Frequently asked questions relating to Skipton Building Society transfer of equity
- I recently purchased a apartment without my wife's name on the title documents. My conveyancer advised it is due to the fact that she was not in the loan offer with Skipton Building Society. Is it possible for me to add her name on the documents at HM Land Registry?
- Me and my former husband and I are in the market for a value for money conveyancing solicitor to assist in a transfer of equity and refinance with Skipton Building Society. I I am concerned about appointing the wrong one and there are many conveyancing solicitors who do transfer of equity conveyancing to choose from...who do I opt for?
- I own a flat in Heathfield
, with a Skipton Building Society loan with my former partner. He and his new partner are going to buy me out. We had consent from Skipton Building Society to replace my name with hers. The transfer of equity needs to be completed by a conveyancer for Skipton Building Society (supposedly). Is it possible for us to deal with the Land Registry change?
- What can I do where I am unhappy with the conveyancer who handled our transfer of equity conveyancing?
- I am trying to find a conveyancer to deal with my transfer of equity. Skipton Building Society have been approached for a refinancing. I considered asking my mortgage broker. I understand he may get a kickback for recommending a firm, but also of benefit will be that he knows the lawyer, has a working relationship with them. Any flaws you see in this way of thinking?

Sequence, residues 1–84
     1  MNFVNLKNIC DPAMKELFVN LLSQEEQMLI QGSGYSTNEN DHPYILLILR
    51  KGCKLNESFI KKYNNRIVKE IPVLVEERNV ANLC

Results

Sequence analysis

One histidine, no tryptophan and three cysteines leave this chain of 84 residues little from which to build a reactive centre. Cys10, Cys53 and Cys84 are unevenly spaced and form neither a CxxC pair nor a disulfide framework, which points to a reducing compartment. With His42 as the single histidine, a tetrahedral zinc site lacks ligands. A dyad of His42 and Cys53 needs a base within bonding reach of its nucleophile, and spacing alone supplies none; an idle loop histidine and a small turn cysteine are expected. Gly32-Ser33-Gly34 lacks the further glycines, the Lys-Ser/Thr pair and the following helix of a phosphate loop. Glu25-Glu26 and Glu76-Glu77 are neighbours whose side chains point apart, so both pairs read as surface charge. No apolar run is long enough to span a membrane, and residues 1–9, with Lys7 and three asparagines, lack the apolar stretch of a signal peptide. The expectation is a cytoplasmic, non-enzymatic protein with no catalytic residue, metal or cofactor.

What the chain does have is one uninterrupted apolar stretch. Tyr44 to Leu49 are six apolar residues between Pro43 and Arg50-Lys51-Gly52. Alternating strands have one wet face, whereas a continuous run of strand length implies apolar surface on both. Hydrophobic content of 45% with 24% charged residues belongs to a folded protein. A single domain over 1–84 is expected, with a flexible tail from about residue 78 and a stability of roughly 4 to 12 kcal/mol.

- The mortgage broker has recommended their conveyancer for our Transfer of Equity plus remortgage with Skipton Building Society - Surely it’s better to just instruct them?
- Having been 4 years estranged I have opted to transfer my share of our former home to my husband who is re-mortgaging with Skipton Building Society. Can a transfer of equity be completed in less than four weeks?
Information that may be required from your conveyancing solicitor may ask in relation to your Skipton Building Society Transfer of Equity
Please state the names and ages of anyone over the age of 17, other than the owners, who will occupy the property with you
Please provide a copy of your National Insurance Number?
Please give the details of anyone to be removed from the property title?
Where you are adding a person on to the title deeds how do you wish to hold the property? Please provide your instructions by completing and returning a“Joint Ownership Declaration” Questionnaire.
Please provide the name(s) and addresse(s) of those who jointly own the property with you?
Please confirm whether you are receiving any payment as part of the Transfer or Equity and from whom and provide details of the amount?
Information to consider in supporting the above Skipton Building Society transfer of equity Advice :
Tax and Legal
There are numerous potential tax and legal implications when transferring equity for your property. You should always seek the advice of a solicitor on the Skipton Building Society conveyancing panel and accountant before transferring equity.
Transfer of Equity Conveyancing for Leasehold properties
If your property is leasehold, the lease may have a requirement for notices to be served and that you obtain the consent of the freeholder. If such conditions are not complied with you may be in violation of your covenants under the lease. This could potentially result in the freeholder taking enforcement action against you.